The Autism category compiles any blog related to Autism on the North Shore Pediatric Therapy website.  The blogs in this category are meant to help educate, inform and encourage parents of children with Autism. Readers will learn about Applied Behavior Analysis, Autism-friendly activities, school, appropriate toys, red flags, special needs lawyers, financial planning, multidisciplinary treatment options and more. If you are looking for any information related to Autism, this category will help you get started. If you need additional assistance, please give us a call at (877) 486-4140.

A Day in Milwaukee with a Child with Autism

Whether you are running around the city completing errands or want to plan a family outing in the city of Milwaukee, you may be thinking how can I help my child be successful in the Blog-Autism Milwaukee-Main-Landscapecommunity? It can be stressful to take a child with autism out of the home. Nevertheless, there are strategies to help you and your child have a smooth trip.

Each child with autism has their own unique needs, therefore here are some basic guidelines to keep in mind:

Preparing for the outing

  • Pick a place.

In the city of Milwaukee there are several events going on throughout the year and many are affordable or offer discounted prices for families of children with special needs. Maybe it’s a sensory friendly movie, the trampoline park or just your neighborhood park.

  • Inform the child what to expect.

Many children with autism are more successful with transitions when they can predict what’s to come. Now that you’ve decided on a place to go, here are some tips to guide you through the process. Try logging onto the website and printing off pictures. For example, if you are going to the trampoline park, show them the equipment and tell them that other people, including children, will be there. If you are going to the store tell them they need to stay next to the cart, keep their hands to themselves, and be aware of others.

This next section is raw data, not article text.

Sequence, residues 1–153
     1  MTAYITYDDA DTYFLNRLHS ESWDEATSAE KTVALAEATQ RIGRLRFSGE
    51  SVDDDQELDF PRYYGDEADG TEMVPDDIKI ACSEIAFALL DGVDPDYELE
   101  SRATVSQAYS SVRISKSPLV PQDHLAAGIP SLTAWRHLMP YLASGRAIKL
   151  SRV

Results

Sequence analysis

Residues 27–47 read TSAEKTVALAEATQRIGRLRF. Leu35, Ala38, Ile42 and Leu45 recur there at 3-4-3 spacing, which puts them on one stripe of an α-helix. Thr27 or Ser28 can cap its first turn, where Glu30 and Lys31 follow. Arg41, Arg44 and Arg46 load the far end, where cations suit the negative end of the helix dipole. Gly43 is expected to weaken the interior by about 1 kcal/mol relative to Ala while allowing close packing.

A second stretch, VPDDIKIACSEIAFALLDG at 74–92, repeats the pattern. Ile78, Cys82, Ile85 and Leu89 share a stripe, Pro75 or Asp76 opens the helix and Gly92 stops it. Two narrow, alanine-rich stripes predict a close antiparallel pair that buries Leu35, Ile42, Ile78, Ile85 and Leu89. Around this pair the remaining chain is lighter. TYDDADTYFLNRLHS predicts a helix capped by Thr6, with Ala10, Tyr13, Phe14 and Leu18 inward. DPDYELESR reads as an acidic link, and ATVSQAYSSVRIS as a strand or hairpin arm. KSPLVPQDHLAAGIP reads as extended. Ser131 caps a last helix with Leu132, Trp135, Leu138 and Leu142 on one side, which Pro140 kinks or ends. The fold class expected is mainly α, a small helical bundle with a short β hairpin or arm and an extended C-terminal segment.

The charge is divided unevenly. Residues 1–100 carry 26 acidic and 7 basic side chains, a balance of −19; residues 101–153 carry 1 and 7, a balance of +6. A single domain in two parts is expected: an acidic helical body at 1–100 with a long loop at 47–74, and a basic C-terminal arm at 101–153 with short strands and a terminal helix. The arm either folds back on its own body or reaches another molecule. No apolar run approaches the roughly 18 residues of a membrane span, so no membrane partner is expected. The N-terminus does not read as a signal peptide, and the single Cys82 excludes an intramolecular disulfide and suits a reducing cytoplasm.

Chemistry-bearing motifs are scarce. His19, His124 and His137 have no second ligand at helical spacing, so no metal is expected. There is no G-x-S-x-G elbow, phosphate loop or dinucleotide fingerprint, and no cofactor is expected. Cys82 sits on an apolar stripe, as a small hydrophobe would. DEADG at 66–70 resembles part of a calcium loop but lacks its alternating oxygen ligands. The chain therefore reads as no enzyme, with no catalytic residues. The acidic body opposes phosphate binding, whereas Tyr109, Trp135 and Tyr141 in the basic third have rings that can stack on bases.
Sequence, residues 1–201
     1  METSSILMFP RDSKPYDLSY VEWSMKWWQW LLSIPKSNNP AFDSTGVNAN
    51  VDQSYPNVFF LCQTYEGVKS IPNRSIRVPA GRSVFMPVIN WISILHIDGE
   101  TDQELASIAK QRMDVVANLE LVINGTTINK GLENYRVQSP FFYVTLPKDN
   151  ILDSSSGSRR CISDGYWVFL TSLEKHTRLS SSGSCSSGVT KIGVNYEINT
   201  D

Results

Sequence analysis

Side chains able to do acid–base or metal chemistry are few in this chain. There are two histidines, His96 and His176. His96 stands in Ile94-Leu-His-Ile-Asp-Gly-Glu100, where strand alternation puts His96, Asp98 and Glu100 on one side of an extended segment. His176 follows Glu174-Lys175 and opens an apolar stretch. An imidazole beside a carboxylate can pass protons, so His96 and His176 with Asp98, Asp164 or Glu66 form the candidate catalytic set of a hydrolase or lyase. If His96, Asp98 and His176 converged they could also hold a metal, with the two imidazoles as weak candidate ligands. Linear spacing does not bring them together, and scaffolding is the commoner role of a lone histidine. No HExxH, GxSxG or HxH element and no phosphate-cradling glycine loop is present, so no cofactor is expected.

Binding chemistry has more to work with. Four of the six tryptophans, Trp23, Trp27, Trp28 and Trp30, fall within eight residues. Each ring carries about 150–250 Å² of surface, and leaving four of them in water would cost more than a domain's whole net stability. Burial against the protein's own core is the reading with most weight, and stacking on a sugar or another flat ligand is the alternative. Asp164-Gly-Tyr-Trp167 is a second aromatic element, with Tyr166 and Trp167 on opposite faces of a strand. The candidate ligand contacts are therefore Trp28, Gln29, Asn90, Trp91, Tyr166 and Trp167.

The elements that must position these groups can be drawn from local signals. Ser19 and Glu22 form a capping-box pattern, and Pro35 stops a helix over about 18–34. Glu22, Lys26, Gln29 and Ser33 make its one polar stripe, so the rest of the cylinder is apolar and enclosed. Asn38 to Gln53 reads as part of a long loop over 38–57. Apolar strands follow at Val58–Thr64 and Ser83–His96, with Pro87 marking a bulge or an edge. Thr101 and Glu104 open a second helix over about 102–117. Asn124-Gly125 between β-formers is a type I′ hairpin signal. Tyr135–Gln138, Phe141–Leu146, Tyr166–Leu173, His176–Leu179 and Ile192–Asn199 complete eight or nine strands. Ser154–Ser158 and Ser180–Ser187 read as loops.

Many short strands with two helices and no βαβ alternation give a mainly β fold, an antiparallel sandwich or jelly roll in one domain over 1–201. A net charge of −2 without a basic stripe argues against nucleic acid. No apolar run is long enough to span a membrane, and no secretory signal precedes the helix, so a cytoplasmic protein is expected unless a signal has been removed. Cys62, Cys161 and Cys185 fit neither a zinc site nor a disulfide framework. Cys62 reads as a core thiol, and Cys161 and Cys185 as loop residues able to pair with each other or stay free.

Out in the city

  • Safety first!

Places throughout the city of Milwaukee can get busy. We recognize that safety is critical, especially when out in the city. Community safety requires skills such as awareness of surroundings, crossing the street, staying within proximity of the group and asking permission. Practice these skills ahead of time, and remind them of the rules as necessary.

  • Praise/reward appropriate behavior

Recognize your child’s good behavior! This could be done in several ways. Bring attention to the child’s behavior by commenting on what they’re doing. For example “great job staying next to me in the parking lot.” Try setting up an if/then situation, such as rewarding the child with a favorite item for demonstrating good behavior. Some examples are If you hold my hand while we walk to the park then you can have 15 minutes of TV time before bed.” “If you wait by the cart when we walk through the grocery store, then you can pick out one piece of candy.” This strategy will keep the child motivated to follow directions. Other examples of goals could be accepting no to a desired item or waiting in line for play equipment at the park. The more specific you are when giving your child goals, the more they will understand and be successful. Most importantly, when your child accomplishes these goals be sure to reward them with a highly preferred item!

  • Dealing with challenging behavior

A child with autism may have an alternative way of communicating. Some examples of challenging behaviors include crying instead of telling you why they are sad, screaming instead of explaining what is making them angry, or running away instead of telling you when they don’t like a situation. This can be difficult to handle while in the community. It’s helpful to develop proactive strategies (see above) for these behaviors. We know that all behavior happens for a reason, so being able to identify why a child is displaying a specific behavior will help you determine how to move forward in responding to that behavior.

Take your trip & have fun!